Slowly — all too slowly — we make progress on basic issues of treating everyone the same, regardless of race, religion, sexual orientation, and other characteristics. Often, we stop and proudly congratulate ourselves on our enlightenment, and then, inevitably, something happens that shows that we aren’t quite as enlightened as we thought after all.
Consider the report ESPN ran recently concerning Michael Sam, the first admittedly gay man to play in the National Football League. Sam, a linebacker, was a fine player in college. He sacked Johnny Manziel of the Browns in the Rams’ most recent preseason game, but rather than reporting on Sam’s on-the-field performance the ESPN reporter addressed whether Sam was showering with his teammates — and thereby indulged in some of the most benighted stereotypes imaginable. It’s amazing that such a report made it on the air, through who knows how many layers of editors and producers and anchors and production assistants, without someone at the network recognizing how demeaning and insulting it was, but it did. To its credit, ESPN recognized that the report was an egregious blunder and apologized, but you still wonder how it happened in the first place.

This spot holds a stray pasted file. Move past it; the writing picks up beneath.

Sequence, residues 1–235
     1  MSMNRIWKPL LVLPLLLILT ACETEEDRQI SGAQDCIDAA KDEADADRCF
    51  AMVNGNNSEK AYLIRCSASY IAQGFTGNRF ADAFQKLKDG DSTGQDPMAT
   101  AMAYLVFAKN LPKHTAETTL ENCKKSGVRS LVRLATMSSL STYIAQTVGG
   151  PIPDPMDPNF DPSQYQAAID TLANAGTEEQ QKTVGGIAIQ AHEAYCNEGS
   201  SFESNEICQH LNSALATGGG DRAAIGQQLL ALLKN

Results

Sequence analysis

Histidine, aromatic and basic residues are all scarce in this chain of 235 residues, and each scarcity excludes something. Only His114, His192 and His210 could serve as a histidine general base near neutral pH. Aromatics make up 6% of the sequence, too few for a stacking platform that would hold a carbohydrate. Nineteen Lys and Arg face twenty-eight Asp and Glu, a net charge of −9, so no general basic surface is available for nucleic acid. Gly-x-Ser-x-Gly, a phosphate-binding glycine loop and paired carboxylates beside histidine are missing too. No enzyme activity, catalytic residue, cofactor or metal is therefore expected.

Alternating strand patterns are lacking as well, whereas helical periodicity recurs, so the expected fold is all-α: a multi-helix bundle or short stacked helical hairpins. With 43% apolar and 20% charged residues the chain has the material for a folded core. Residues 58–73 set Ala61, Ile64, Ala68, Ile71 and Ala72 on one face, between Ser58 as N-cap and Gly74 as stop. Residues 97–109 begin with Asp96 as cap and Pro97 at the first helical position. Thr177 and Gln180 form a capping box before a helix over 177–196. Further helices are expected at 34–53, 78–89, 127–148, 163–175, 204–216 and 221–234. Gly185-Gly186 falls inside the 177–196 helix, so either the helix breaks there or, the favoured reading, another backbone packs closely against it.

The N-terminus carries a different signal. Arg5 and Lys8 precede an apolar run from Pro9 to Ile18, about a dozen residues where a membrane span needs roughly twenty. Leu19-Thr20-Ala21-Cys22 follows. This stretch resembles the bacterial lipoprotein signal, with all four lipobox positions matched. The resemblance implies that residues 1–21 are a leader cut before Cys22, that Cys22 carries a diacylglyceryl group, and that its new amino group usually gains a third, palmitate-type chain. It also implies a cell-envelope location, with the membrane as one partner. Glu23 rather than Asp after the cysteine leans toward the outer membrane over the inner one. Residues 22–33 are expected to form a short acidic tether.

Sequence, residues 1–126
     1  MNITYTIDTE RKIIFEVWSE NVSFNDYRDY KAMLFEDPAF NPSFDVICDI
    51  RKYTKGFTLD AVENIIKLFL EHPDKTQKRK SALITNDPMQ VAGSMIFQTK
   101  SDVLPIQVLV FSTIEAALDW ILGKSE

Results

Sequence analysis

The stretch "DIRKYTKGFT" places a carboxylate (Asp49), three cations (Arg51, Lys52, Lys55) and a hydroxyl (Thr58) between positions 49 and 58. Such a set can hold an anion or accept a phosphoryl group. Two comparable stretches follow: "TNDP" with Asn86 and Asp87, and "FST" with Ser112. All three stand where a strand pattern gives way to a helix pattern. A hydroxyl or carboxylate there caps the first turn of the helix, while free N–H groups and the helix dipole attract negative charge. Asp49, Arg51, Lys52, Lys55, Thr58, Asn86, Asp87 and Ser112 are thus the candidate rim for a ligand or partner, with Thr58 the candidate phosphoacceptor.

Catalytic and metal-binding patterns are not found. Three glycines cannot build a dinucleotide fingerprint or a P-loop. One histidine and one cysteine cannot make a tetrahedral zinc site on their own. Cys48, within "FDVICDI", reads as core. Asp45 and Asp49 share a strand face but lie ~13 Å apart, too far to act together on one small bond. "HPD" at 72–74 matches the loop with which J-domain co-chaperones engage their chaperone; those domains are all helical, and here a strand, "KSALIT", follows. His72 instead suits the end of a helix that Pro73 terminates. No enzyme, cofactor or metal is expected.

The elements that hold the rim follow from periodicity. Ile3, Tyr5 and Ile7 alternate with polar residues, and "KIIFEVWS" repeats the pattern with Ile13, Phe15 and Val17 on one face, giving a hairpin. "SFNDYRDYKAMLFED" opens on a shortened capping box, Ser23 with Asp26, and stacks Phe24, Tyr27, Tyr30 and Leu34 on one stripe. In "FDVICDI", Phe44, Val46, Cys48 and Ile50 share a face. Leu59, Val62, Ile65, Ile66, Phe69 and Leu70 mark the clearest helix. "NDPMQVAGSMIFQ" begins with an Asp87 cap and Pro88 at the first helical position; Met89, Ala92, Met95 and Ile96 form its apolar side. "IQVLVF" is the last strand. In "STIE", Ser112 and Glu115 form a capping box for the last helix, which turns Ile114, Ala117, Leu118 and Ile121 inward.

One of Sam’s St. Louis teammates, defensive tackle Chris Long, tweeted: “Dear ESPN, Everyone but you is over it.” I wish that were true.